Marketers who treat their male and female customers as if they make similar decisions: there’s yet another study that flies in the face of that assertion.

A new study finds that if you think it’s alright to text and drive since you’re an above average driver, then there’s a pretty good chance you’re a guy.

Recent findings published in the International Journal of Sustainable Strategic Management uncovered that 4 out of 5 college students texted while driving, and females were less likely than males to ignore the dangers of texting and driving on the basis of their driving skills.

The authors of the study, Garold Lantz and Sandra Loeb, are  marketing professors at Kings College, in Wilkes Barre, Pa, and surveyed 120 male and female students to arrive at their findings, which included the number 82. That’s the number of texts that the students, on average, sent on a daily basis. Females send more messages, and are even more impulsive when it comes to their texting, but are able to curtail that impulse to an extent when it comes to texting and driving.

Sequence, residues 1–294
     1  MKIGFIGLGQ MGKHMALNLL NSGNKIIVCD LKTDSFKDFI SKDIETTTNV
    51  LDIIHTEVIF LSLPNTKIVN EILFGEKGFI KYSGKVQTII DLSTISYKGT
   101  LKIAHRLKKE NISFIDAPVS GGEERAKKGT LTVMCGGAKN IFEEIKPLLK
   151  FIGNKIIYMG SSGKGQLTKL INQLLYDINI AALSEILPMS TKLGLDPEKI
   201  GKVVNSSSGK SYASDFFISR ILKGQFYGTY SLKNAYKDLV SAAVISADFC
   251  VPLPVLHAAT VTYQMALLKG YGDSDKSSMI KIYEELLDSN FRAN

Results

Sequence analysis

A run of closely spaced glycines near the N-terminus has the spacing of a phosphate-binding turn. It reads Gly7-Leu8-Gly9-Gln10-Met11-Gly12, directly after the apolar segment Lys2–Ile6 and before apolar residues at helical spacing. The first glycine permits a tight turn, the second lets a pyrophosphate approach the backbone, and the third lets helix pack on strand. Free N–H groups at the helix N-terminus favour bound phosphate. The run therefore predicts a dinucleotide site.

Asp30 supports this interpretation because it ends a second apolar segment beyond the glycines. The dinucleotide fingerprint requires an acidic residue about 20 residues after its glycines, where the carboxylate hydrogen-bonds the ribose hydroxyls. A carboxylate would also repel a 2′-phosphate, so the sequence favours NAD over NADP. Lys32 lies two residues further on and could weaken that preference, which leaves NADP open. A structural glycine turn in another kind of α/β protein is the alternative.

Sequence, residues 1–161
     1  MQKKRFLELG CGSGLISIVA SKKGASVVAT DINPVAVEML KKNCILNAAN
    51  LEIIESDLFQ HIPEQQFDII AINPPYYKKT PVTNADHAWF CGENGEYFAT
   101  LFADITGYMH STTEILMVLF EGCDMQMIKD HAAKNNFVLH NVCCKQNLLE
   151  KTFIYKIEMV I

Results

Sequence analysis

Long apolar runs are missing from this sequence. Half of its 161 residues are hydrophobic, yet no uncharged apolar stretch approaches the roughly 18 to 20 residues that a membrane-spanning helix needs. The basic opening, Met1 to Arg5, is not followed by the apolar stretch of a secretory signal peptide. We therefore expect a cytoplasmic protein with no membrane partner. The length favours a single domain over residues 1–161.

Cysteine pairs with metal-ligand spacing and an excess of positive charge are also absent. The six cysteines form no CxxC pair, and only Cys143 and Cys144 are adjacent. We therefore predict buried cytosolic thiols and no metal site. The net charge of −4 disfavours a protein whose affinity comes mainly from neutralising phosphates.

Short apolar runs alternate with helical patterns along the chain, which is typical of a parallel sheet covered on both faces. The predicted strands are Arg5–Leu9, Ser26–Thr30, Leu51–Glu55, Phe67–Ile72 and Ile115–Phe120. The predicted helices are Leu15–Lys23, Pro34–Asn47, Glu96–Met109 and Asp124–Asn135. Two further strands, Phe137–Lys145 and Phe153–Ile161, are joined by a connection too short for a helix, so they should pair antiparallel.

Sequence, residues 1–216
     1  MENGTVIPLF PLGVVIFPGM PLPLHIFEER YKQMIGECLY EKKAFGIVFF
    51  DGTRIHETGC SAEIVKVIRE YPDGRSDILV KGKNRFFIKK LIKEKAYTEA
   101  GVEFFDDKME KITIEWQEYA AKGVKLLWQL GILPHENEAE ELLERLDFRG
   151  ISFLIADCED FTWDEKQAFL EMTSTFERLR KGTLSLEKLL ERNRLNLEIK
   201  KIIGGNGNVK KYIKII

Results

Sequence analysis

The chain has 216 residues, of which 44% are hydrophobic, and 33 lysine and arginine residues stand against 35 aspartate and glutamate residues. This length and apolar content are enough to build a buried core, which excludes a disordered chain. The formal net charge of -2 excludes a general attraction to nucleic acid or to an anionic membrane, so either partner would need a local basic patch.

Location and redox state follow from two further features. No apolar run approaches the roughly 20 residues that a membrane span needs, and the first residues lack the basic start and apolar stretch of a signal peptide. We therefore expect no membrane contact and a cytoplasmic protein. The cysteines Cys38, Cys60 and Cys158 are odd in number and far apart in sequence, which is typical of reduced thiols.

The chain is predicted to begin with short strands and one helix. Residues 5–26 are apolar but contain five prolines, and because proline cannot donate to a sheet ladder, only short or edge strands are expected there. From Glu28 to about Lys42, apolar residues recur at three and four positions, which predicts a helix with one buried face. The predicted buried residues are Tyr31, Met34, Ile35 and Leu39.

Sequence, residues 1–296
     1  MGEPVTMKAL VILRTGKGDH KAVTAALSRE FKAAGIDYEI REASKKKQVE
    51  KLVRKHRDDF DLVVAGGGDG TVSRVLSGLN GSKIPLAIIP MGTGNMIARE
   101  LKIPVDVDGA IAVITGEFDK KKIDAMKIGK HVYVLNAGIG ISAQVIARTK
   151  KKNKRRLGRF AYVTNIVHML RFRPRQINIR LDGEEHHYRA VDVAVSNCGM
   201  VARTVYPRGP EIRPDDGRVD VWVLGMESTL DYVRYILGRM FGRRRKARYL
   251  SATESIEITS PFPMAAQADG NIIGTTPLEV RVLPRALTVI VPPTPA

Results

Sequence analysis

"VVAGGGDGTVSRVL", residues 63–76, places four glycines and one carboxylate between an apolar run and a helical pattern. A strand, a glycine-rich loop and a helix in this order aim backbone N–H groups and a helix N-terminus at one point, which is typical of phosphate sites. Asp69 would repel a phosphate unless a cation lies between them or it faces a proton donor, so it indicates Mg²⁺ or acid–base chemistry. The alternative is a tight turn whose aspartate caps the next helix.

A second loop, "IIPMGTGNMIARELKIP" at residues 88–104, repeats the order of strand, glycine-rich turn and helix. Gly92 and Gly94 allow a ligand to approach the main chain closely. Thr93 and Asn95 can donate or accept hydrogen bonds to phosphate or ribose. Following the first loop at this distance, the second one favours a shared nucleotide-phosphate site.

While a majority of people believe they are good at multitasking, studies have suggest suggested that only 2.5 percent of us can multitask and remain effective – so if you text and drive, there’s a much better chance you’re on that other 97.5 percent.

Another thought coming out of reading this study: does this mean it’s actually safer for marketers to send text messages to females rather than males?

Photo credit: The Huntsville Times